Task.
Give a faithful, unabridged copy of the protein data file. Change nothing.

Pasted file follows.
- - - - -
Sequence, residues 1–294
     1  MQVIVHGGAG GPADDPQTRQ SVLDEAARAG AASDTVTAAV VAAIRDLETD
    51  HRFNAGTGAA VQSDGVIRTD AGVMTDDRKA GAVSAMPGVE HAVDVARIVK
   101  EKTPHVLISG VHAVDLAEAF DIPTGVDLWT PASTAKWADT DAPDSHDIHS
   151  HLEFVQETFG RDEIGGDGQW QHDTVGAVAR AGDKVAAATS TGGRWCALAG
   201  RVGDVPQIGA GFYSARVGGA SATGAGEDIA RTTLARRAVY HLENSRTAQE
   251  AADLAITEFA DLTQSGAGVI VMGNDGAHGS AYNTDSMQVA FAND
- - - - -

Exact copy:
Sequence, residues 1–294
     1  MQVIVHGGAG GPADDPQTRQ SVLDEAARAG AASDTVTAAV VAAIRDLETD
    51  HRFNAGTGAA VQSDGVIRTD AGVMTDDRKA GAVSAMPGVE HAVDVARIVK
   101  EKTPHVLISG VHAVDLAEAF DIPTGVDLWT PASTAKWADT DAPDSHDIHS
   151  HLEFVQETFG RDEIGGDGQW QHDTVGAVAR AGDKVAAATS TGGRWCALAG
   201  RVGDVPQIGA GFYSARVGGA SATGAGEDIA RTTLARRAVY HLENSRTAQE
   251  AADLAITEFA DLTQSGAGVI VMGNDGAHGS AYNTDSMQVA FAND